The Aluminum rods of British Pavilion in Shanghai are void or soild?

Sunday, September 26, 2010

Mokuzai Kaikan Office by Tomohiko Yamanashi and Takeyuki Katsuya, Nikken Sekkei, Shinkiba, Tokyo, Japan

By Rob Gregory

The Japanese Association of Wood Wholesalers’ fitting exemplar for the use of wood

There can be no better advert for a construction material than to see it expertly deployed in built form at full scale. In Tokyo, timber is relatively rare, especially on large-scale commercial, cultural or institutional buildings. Kengo Kuma has of course been the most notable advocate for use of this material, and has achieved much on his mission to bring natural materials into the city, as seen in his fine One Omotesando on the city’s glamorous boutique boulevard (AR May 2004). Now the city has another exemplar, fittingly built for the nation’s Association of Wood Wholesalers.

The purpose of this project was to relocate the association in Tokyo, in order to better display the various possibilities of wood in the hope of reviving its popularity as an urban construction material. The building also revives and adapts another of Japan’s architectural traditions through the use of the engawa, a space prevalent in traditional homes that allows a natural breeze to enter the shelter while shutting out strong sunlight, achieving a comfortable indoor environment in the midst of harsh heat and humidity.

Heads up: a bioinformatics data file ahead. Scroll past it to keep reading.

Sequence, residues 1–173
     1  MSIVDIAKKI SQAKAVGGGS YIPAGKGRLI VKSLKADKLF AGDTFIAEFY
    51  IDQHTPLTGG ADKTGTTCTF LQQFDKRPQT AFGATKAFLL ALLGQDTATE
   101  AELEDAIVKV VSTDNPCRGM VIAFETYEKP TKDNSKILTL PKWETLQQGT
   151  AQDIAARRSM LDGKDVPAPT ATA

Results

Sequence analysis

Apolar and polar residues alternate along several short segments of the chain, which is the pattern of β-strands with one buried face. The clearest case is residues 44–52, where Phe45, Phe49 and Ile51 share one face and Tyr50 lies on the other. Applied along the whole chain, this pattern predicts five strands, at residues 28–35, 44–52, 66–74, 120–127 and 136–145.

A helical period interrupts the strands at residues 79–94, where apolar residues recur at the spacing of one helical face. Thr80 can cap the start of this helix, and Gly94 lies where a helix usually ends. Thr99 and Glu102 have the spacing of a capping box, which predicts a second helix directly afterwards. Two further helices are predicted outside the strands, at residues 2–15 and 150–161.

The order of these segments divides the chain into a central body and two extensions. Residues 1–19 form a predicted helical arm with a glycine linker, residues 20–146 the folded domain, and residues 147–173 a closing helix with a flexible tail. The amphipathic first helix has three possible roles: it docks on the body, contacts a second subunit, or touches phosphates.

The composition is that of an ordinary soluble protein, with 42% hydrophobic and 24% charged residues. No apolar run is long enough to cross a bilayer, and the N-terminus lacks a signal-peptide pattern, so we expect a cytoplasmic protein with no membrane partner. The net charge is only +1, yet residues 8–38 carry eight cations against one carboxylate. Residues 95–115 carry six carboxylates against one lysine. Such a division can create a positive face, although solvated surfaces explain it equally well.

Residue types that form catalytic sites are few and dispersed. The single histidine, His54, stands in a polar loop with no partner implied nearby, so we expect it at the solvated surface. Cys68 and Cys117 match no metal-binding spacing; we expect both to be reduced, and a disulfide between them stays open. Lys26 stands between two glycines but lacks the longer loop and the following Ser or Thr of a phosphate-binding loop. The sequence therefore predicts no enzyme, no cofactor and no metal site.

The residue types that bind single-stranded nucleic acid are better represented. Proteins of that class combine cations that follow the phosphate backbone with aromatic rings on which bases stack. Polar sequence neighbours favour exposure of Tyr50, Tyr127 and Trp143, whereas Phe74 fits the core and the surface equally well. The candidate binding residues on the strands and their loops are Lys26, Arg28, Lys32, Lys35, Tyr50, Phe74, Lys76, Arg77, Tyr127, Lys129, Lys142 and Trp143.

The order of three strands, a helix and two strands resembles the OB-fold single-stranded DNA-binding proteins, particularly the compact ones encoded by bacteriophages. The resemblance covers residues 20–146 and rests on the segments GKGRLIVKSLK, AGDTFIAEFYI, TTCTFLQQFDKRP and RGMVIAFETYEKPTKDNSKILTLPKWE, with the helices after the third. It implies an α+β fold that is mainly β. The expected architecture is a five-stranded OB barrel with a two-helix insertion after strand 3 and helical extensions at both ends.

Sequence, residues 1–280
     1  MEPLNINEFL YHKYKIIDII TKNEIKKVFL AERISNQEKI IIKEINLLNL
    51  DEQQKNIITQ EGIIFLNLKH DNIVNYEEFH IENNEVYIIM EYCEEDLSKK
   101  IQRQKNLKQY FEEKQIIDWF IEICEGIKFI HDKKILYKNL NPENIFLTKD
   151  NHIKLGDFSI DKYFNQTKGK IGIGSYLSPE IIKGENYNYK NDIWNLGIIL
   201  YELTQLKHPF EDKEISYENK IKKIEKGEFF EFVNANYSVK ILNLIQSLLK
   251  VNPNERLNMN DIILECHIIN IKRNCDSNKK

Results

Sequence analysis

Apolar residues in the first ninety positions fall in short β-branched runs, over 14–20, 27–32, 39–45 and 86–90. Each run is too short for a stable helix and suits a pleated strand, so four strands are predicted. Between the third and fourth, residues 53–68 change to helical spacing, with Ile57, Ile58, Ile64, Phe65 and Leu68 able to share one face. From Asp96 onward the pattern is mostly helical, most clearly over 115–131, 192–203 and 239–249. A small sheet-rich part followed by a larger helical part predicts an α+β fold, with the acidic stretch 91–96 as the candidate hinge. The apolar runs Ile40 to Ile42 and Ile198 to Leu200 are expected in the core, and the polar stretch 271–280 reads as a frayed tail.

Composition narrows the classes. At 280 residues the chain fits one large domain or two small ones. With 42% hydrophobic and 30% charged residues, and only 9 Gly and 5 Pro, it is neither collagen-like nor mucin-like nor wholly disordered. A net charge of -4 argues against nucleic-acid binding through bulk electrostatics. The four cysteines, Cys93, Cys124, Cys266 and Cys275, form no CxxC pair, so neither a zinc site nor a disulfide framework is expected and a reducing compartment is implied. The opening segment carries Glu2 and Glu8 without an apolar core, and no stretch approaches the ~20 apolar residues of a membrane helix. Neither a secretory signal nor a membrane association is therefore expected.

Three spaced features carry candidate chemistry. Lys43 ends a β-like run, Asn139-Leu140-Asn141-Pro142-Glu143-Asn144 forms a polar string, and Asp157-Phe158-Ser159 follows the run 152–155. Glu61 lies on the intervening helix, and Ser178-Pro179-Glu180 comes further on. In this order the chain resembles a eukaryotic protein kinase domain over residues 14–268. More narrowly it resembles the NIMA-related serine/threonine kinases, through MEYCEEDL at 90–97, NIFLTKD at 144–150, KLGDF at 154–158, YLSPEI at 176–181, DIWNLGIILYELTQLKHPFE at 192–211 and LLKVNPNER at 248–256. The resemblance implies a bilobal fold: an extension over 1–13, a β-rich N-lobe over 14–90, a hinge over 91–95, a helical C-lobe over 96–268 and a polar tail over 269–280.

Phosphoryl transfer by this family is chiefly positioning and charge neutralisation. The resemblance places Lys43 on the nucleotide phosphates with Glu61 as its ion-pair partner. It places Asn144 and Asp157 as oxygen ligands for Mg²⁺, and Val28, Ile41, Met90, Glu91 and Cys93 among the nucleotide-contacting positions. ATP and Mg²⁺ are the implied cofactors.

In accordance with strict earthquake regulations, the 7582m² seven-storey building employs reinforced concrete for its structural frame. Beyond this, however, timber was specified wherever possible, and the architects paid close attention to detail in order to establish an equivalence between the scale and prominence of the principal concrete frame with that of the secondary timber elements.

As a result, concrete was cast in slender cedar formwork, maintaining the scale and grain of the timber.

In terms of the timber elements themselves everything that can be seen is formed in 115 x 115 mm sections of Japanese cypress; a standard off-the-shelf product. These sections are used in composite panels to create the distinctive cubic engawas, and also to form the remarkable 1,600mm beams that span the full length ofthe 25m rooftop assembly hall.

By using a computer numerical controlled (CNC) cutting machine, a process that would traditionally rely on expert craftsmanship can now be used on larger scale fast-track projects such as this, achieving a high degree of accuracy on complicated abstract designs. With all machine cuts complete, horizontal joints employ a traditional Japanese interlocking profile known as the tsugite technique, while in the vertical orientation oak plugs are inserted to maintain load transfer between cypress sections. Secret steel bolts complete the vertical connection, maintaining a smooth timber surface on the face of the composite structural panels. The tsugite technique was modified to provide the optimal form for milling purposes, but its adaptation is critical to the success of this project, demonstrating how it is possible to use 4m lengths of timber to span almost 30m.

The designers overcame complicated fire safety issues by providing adequate ceiling height to allow smoke to accumulate; a move that not only improved the proportion of the spaces, but also made such an extensive use of timber possible.